Writer and feminist Esther Masserman Broner (8 July 1927 - 21 June 2011) was born in Detroit at the beginning of the Depression to Paul Masserman and Beatrice Weckstein Masserman. She received her B.A. and M.F.A. degrees from Wayne State University in Detroit. Her Ph.D. is from Union Graduate School in New York. In 1948, E.M. Broner married the artist Robert Broner, and they had four children.
Esther Broner's first published story, "Sudvick the Nudnik," appeared in The Auburn Review, winter 1949. Her first book, Summer is a Foreign Land, was published in 1966 by Wayne State University Press. Later works were published under the name E. M. Broner, because she believed her work was often rejected by publishers because she was a woman. Her story "New Nobility" was included in the O. Henry Prize stories collection of 1968.
Through her writing and rituals, E.M. Broner pioneered Jewish feminism. Her novels, such as A Weave of Women, re-examine the Biblical matriarchs and their place in Scripture. She also discussed creating new religious ceremonies to highlight life cycle events central to women's lives and to include women's experiences in Jewish ritual. In her book The Telling, she describes the beginning of the women's Seder idea: "But this would be different. The invited men would prepare the meal.... The women would contemplate the traditional Haggadah and write new and relevant prayers." She was well known as one of the Seder Sisters. The group, including Gloria Steinem, Bella Abzug, and Phyllis Chesler, met for over twenty years, beginning in 1976, for a Women's Seder. The Seder included traditional text as well as new, inclusive prayers and rituals marking the significant, and often forgotten, role women play in Jewish history.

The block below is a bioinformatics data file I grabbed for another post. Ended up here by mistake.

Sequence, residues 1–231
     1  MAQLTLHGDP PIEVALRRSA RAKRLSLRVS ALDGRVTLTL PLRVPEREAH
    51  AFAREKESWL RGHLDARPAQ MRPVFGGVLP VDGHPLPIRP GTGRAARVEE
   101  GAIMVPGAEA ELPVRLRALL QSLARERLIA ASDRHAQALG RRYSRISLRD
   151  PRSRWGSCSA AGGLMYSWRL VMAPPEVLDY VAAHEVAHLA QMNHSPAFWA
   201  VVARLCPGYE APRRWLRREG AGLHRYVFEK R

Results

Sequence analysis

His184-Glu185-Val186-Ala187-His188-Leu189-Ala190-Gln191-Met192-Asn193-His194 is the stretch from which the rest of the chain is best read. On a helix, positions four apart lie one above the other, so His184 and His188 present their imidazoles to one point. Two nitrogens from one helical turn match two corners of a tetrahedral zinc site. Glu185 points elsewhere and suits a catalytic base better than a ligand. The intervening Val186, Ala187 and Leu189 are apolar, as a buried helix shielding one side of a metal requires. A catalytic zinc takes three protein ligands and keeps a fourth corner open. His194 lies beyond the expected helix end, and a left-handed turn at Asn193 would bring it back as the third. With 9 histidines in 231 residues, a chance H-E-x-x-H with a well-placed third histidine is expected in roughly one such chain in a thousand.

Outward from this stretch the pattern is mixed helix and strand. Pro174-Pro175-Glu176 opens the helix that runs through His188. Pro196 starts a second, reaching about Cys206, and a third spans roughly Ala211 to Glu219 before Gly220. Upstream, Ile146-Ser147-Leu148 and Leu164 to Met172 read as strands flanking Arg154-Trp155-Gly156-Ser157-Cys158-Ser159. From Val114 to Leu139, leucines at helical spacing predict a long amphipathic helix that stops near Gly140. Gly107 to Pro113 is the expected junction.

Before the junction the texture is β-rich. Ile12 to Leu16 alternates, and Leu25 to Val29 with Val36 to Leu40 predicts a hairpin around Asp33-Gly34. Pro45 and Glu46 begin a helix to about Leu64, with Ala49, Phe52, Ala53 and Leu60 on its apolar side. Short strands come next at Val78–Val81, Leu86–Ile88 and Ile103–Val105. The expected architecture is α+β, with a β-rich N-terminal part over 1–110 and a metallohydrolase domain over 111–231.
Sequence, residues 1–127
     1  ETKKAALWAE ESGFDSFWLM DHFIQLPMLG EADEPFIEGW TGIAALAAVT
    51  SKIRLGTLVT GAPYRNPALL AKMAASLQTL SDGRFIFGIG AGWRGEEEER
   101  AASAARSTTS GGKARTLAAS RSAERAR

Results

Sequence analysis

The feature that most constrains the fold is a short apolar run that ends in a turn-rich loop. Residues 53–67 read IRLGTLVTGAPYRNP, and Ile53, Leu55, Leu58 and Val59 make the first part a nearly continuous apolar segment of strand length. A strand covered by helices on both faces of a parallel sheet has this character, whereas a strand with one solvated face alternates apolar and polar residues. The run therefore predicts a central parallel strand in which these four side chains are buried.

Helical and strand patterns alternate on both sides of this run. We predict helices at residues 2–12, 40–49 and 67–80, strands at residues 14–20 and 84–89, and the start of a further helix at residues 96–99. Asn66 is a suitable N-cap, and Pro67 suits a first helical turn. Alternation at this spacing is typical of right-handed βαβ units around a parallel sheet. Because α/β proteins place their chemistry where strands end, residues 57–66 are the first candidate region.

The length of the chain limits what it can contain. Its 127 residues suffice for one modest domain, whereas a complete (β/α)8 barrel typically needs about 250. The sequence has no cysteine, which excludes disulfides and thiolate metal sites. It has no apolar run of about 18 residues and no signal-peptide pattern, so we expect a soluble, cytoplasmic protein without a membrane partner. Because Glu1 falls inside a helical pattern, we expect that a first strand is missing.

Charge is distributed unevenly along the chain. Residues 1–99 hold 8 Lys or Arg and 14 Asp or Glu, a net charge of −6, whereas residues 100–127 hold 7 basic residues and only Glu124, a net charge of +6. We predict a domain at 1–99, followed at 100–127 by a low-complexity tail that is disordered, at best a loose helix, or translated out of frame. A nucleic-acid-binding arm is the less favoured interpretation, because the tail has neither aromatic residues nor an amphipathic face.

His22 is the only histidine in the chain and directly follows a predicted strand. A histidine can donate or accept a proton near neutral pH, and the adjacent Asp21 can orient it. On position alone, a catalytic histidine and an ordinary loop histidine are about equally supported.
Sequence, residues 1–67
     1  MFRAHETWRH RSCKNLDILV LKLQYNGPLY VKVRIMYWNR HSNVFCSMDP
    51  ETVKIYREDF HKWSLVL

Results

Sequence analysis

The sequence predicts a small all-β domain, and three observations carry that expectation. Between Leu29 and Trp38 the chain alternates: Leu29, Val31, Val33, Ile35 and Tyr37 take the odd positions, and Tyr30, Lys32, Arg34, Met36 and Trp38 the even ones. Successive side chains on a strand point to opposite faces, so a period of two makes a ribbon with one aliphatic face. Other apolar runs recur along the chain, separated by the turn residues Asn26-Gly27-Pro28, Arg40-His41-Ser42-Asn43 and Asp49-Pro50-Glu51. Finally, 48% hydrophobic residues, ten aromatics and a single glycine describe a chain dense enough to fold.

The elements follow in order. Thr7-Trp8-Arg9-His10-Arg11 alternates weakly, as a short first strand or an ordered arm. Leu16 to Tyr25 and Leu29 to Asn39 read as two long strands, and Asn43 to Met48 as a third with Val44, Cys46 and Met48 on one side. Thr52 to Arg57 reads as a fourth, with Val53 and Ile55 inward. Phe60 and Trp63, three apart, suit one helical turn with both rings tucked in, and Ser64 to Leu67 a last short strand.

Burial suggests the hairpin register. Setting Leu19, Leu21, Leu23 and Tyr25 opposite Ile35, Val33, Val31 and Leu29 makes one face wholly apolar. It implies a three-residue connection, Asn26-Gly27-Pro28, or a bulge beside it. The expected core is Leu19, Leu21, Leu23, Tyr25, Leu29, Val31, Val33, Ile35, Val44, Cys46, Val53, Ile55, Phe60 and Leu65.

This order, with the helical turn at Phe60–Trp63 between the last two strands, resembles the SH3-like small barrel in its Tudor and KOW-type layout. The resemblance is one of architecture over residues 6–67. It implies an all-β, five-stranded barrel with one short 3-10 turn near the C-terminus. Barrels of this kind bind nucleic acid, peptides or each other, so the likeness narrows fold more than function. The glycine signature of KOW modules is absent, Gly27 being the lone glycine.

E.M. Broner received numerous awards for her writing and feminism, including a National Endowment for the Arts fellowship and a Wonder Woman Foundation award ("For courage in changing custom with ceremony").